Federal future needed

753

From all that we have seen in the past one month of street agitations, it is obvious the state is on the verge of a dangerous precipice today. As demonstrated by the clashes at Moreh today, one small spark can ignite an inferno. Thankfully good senses prevailed this time, and although the clashes were ugly, the trouble was prevented from either persisting or spreading to cause more damages. What is also evident from the incident is, the mistrust between the communities is extreme. This is apparent even on internet discussion circles. People, even those who would be considered enlightened and therefore capable of detached assessment of the situation, were surprisingly so eager to presume guilt or innocence of the different parties in the clash depending on their own ethnic affiliations and personal biases, without even waiting to confirm facts on the ground. If the event was tragic, the sideshows on the internet were saddening. It is depressing too to realise how much most of us are prisoners of our own perspectives, often making us miss realities beyond individual narrow visions. There were of course very mature and moderating voices too, and all credits must go to them for preventing all the hatred generated from spreading.

What is also clear beyond doubt is the communities in Manipur have extreme distrust for each other. What one community does, the next one suspects therefore tacitly or openly they all end up opposing each other. This will take the place nowhere far. But mere sermons cannot be the remedy for this malaise. Invocation of past fraternal relation cannot be the salvation either although this has lessons to offer. The way forward then is to think in terms of a social architecture for the future. For a multi-community society like Manipur, this architecture would have to be in the nature of a federal power structure. All decisions that are billed to be in everybody`™s interest must have to be endorsed by a consensual voice of everybody first. Nobody must be taken for granted even for decisions which are quite obviously in everybody`™s interest. What must also be realised is, it is not so much history which binds the communities together, and even if this were so, history is a dynamic process and is constantly in a flux. It is given to changes. Even a nation is a daily plebiscite as Ernst Renan tells us. What on the other hand is the greater and more permanent binding sinew is geography. And certain geographies are integral and any attempt to separate them will result in conflict. The hill-valley bondage in Manipur is similarly placed. Each nourishes the other, but at another level, each also sees the other as a threat. Robert Kaplan has many different sketches of similar violent geographies from across the globe in his extremely readable book `Revenge of Geography`. Manipur`™s hills and valley may not like each other, but let it also be accepted that there is extreme conflict potential in severing the geographical bond between them.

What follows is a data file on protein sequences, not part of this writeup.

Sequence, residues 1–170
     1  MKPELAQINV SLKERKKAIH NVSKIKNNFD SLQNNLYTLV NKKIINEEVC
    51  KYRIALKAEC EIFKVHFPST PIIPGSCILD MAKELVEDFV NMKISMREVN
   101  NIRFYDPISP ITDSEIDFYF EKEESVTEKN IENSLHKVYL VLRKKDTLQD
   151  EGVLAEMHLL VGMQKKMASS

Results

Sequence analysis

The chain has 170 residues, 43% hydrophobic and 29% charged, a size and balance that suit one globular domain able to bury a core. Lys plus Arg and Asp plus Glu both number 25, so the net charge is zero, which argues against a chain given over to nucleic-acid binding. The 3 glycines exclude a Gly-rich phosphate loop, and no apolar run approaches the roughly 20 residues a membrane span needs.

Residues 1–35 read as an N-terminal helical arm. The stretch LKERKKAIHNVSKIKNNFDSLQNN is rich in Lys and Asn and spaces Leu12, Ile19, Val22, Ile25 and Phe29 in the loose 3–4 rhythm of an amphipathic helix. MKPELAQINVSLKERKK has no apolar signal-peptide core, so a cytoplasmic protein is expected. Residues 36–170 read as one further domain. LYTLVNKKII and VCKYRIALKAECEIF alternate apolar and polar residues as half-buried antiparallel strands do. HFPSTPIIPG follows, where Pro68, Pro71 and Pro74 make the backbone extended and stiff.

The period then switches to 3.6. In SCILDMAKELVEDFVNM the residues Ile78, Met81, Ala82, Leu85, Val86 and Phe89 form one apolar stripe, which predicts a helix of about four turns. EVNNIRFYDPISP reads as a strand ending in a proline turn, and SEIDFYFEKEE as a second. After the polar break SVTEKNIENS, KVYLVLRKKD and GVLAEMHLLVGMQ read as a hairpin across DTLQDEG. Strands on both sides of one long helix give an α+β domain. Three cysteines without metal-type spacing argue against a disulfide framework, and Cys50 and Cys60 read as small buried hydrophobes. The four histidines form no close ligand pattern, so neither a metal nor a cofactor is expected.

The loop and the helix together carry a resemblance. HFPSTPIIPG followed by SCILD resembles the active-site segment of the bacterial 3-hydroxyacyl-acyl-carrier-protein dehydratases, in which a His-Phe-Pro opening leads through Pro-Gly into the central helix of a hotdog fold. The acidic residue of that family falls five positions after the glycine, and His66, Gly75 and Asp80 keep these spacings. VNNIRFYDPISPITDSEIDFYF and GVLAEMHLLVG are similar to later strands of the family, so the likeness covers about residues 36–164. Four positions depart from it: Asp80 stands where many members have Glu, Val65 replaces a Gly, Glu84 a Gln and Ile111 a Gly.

Another point often missed, but must have to be taken note of is, in a multi-community society, elementary laws of arithmetic determine that 50 per cent is not necessarily the majority mark. It can be much smaller. The fallacy can come in another shape. In the current rage over a swelling `outsider` population for instance, the dreaded figure often cited as the number of `outsiders` is a third of state`™s population. But this `outsider` is not one bloc. If broken down to individual communities, the percentage each occupies would still be small. Many of them are already to a great extent indigenised. It would be prudent therefore not to treat them as a single bloc. In a related but not identical situation, there is a very interesting discussion on why the academic subject of sociology was never strong in British universities unlike in continental countries, in particular France. The explanation offered is, the British were able to so effectively translate their knowledge and intuition of anthropology into politics so effectively that they did not need sociology. Conversely, for the French, whose politics failed miserably, pushed out of the race for colonies in the industrial age by the British, sociology was an introspective reflection on how their politic went wrong. So when the British arrived in India, if they had also looked at India as one bloc, they may not have dared to dream of ever conquering it. But here is where their anthropology began working. They broke down the society into components and dealt with each component differently, ultimately conquering the entire sub-continent. They would for instance categorise people into martial and non-martial categories and think of different ways of dealing with either. Not in the sinister sense of conquest by divide and rule, but in working out harmonious community equations, such success stories must be recalled and emulated.

Leader Writer: Pradip Phanjoubam

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